You said that you were thinking, Well, there's a lot of brick out here. I'd love to use brick. Were there any restrictions because it was a conservation area.
00;32;17;05 - 00;33;57;08
Not explicit. I mean, the cities, it's quite merit based in its assessment, I suppose, because what they're saying is we want you to make a positive contribution to this area. I think if you went in, proposed something like an aluminum clad building, they would reject the plans, but you probably could do concrete or concrete block or maybe stone as well.
But it seems so logical in this area that it'd be made from brick. I've had quite a lot of experience in working with brick site over the years. I've started to understand how to do mortar joints really well, how to make it kind of work gymnastics so it can do more expressive forms and it felt like the right material.
And then for us it came down to the point of choosing exactly the right brick. And we have two types of brick in our building. One is called a dry press brick, and that's made about 60 kilometers from Sydney, so very local. And they're beautiful. They're white, they're in the space that I mean, now they're chalky, they chip easily, they have incredible material quality to them.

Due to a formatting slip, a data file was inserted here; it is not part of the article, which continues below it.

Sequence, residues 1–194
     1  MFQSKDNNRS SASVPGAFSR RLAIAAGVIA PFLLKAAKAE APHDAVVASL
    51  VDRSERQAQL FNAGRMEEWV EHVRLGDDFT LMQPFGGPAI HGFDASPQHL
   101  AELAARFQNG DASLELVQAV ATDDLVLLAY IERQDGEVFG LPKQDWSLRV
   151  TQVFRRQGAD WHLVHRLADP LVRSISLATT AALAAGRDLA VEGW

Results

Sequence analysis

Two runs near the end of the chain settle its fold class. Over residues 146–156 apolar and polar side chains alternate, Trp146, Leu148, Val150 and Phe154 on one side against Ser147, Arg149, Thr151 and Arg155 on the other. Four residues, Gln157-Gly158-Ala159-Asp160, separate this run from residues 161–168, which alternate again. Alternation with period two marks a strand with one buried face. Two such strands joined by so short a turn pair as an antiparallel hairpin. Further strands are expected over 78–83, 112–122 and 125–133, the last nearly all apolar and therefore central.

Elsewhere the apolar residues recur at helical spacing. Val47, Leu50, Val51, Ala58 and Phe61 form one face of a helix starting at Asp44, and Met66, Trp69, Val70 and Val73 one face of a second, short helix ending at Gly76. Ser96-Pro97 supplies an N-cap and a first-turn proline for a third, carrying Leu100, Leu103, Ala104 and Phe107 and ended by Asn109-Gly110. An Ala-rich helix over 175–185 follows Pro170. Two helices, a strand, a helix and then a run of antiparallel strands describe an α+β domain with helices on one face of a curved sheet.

And because they're on the inside, we can afford to use these more softer bricks and look after them. Well, and then on the outside of the building, we used a very durable brick called La Paloma, which is made in Spain, actually. And we wanted to use a black brick on the outside of the building for a bunch of different reasons.
But in Australia we don't have the really good clays that make good black bricks, so we had to use the Spanish brick and I made a special profile for us. So they were able to customize it and they're just incredibly strong and durable and look beautiful with the trees and the landscaping that's in this area and marry perfectly with the building opposite that I mentioned.
00;33;57;10 - 00;34;16;12
So let's get back to these unique vaults in the apartment. How did you build these? There's a series of them. I saw some photos. They looked like they were built in one location or perhaps moved or were they built at the spot they ended up in and also really unique shape, right? They're elliptical.
00;34;16;15 - 00;36;58;22
Yes. They're all built in situ. And how we built them was pretty close to what we imagined at the start. So we made a catenary shaped false work curve. So like a hollow boat sitting upside down, we made a timber plywood form and then we literally put the brakes top of that form so that the mortar didn't leak out in between.